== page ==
United States Senate Inquiry



The committee finds that this accident clearly indicates the necessity of additional legislation to secure safety of life at sea.

By statute the United States accepts reciprocally the inspection certificates of foreign countries having inspection laws approximating those of the United States. Unless there is early revision of inspection laws of foreign countries along the lines laid down hereinafter, the committee deems it proper that such reciprocal arrangements be terminated, and that no vessel shall be licensed to carry passengers from ports of the United States until all regulations and requirements of the laws of the United States have been fully complied with.

The committee recommends that sections 4481 and 4488, Revised Statutes, be so amended as to definitely require sufficient lifeboats to accommodate every passenger and every member of the crew. That the importance of this feature is recognized by the steamship lines is indicated by the fact that on many lines steps are being taken to provide lifeboat capacity for every person on board, including crew; and the fact of such equipment is being widely advertised. The president of the International Mercantile Marine Co., Mr. Ismay, definitely stated to the committee (p. 985):

We have issued instructions that none of the ships of our lines shall leave any port carrying more passengers and crew than they have capacity for in the lifeboats.

Not less than four members of the crew, skilled in handling boats, should be assigned to every boat. All members of the crew assigned to lifeboats should be drilled in lowering and rowing the boats, not less than twice each month and the fact of such drill or practice should be noted in the log.

The committee recommends the assignment of passengers and crew to lifeboats before sailing; that occupants of certain groups of staterooms and the stewards of such groups of rooms be assigned to certain boats most conveniently located with reference to the rooms in question; the assignment of boats and the shortest route from stateroom to boat to be posted in every stateroom.

The committee recommends that every ocean steamship carrying 100 or more passengers be required to carry 2 electric searchlights.

The committee finds that this catastrophe makes glaringly apparent the necessity for regulation of radiotelegraphy. There must be an operator on duty at all times, day and night, to insure the immediate receipt of all distress, warning, or other important calls. Direct communication either by clear-speaking telephone, voice tube, or messenger must be provided between the wireless room and the bridge, so that the operator does not have to leave his station. There must be definite legislation to prevent interference by amateurs, and to secure secrecy of radiograms or wireless messages. There must be some source of auxiliary power, either storage battery or oil engine, to insure the operation of the wireless installation until the wireless room is submerged.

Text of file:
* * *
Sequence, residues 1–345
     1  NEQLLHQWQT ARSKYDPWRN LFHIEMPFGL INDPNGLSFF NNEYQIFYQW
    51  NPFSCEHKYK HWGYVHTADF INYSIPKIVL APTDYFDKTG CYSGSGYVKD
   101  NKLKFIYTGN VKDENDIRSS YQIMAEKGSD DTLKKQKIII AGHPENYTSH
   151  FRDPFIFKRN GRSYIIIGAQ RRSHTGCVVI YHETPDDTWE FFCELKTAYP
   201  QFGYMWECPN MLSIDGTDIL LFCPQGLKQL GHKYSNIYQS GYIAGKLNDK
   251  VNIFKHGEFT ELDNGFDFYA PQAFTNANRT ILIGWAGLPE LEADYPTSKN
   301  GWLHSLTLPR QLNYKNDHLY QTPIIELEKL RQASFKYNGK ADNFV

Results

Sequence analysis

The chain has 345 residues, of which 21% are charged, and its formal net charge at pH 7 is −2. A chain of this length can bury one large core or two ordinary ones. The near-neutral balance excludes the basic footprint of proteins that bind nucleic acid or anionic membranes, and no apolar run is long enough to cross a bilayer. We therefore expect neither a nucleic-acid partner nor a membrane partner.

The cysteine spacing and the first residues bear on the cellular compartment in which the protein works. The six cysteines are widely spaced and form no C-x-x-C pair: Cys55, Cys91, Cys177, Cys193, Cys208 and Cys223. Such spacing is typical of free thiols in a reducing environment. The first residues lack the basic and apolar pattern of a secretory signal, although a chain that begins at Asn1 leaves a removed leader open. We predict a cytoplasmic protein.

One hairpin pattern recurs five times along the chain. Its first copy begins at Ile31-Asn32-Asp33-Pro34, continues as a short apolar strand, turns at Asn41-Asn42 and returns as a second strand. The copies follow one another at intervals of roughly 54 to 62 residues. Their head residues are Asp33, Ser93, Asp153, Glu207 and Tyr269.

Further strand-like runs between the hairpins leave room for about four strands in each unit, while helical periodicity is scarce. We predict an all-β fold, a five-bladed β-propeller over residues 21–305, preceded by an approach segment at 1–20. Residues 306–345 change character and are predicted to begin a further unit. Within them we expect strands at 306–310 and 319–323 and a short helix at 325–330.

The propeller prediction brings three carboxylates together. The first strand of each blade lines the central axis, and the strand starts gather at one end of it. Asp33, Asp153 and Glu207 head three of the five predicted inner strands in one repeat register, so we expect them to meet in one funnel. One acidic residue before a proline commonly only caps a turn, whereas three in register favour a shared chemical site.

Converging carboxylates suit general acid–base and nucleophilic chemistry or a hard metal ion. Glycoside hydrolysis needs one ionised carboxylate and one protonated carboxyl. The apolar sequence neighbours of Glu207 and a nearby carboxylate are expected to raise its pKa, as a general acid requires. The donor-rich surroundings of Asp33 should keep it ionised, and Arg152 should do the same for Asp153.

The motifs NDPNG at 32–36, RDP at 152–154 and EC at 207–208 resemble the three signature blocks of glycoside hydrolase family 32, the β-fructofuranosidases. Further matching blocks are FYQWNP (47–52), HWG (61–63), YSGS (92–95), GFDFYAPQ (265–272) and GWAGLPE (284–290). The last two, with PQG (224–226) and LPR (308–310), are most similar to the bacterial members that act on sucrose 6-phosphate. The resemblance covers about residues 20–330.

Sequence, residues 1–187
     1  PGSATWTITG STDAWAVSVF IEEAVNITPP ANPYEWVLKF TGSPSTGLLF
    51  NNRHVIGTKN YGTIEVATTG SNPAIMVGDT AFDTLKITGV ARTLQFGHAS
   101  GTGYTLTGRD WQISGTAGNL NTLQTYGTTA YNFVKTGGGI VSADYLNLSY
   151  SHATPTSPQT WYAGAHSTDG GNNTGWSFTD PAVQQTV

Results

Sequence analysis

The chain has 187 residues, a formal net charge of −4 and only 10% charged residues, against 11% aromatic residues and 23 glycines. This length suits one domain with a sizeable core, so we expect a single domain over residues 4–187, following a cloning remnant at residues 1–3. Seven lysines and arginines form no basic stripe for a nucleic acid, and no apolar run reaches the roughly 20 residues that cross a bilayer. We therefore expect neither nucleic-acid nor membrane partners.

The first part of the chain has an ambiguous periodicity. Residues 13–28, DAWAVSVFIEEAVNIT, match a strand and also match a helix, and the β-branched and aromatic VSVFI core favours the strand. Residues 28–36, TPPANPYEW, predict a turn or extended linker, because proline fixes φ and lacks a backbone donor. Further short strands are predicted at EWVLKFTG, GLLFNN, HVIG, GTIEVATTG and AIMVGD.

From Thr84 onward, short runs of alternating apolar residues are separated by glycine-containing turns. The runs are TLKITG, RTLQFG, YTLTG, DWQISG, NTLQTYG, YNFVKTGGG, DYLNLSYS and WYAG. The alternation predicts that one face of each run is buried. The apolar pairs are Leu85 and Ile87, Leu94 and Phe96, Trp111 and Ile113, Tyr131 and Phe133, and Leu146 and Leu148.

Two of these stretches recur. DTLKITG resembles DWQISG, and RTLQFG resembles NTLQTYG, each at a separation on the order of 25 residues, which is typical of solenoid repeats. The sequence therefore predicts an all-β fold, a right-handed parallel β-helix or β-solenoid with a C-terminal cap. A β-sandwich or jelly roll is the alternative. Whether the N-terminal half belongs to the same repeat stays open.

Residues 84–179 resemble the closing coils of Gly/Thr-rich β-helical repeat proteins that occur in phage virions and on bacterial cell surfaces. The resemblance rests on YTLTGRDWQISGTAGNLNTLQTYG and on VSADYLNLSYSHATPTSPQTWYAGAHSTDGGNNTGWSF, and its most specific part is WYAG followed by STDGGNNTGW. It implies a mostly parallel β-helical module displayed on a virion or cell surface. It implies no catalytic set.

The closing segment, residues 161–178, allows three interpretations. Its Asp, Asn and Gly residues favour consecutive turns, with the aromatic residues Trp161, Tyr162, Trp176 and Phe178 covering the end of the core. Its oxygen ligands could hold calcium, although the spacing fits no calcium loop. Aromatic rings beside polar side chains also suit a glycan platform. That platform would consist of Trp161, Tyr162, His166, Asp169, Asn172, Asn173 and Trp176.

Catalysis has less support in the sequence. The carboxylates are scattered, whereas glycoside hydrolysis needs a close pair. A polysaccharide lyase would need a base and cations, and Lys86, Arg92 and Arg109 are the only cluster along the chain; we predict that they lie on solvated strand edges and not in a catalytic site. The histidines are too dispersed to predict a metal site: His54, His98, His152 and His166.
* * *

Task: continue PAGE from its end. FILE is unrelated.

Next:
The committee recommends the early passage of S. 6412, already passed by the Senate and favorably reported by the House.

The committee recommends that the firing of rockets or candles on the high seas for any other purpose than as a signal of distress be made a misdemeanor.

The committee recommends that the following additional structural requirements be required as regards ocean-going passenger steamers the construction of which is begun after this date:

All steel ocean and coastwise seagoing ships carrying 100 or more passengers should have a watertight skin inboard of the outside plating, extending not less than 10 percent of the load draft above the full-load waterline, either in the form of an inner bottom or of longitudinal watertight bulkheads, and this construction should extend from the forward collision bulkhead over not less than two-thirds of the length of the ship.

All steel ocean and coastwise seagoing ships carrying 100 or more passengers should have bulkheads so spaced that any two adjacent compartments of the ship may be flooded without destroying the flotability or stability of the ship. Watertight transverse bulkheads should extend from side to side of the ship, attaching to the outside shell. The transverse bulkheads forward and abaft the machinery spaces should he continued watertight vertically to the uppermost continuous structural deck. The uppermost continuous structural deck should be fitted watertight. Bulkheads within the limits of the machinery spaces should extend not less than 25 percent of the draft of the ship above the load waterline and should end at a watertight deck. All watertight bulkheads and decks should be proportioned to withstand, without material permanent deflection, a water pressure equal to 5 feet more than the full height of the bulkhead. Bulkheads of novel dimensions or scantlings should be tested by being subjected to actual water pressure.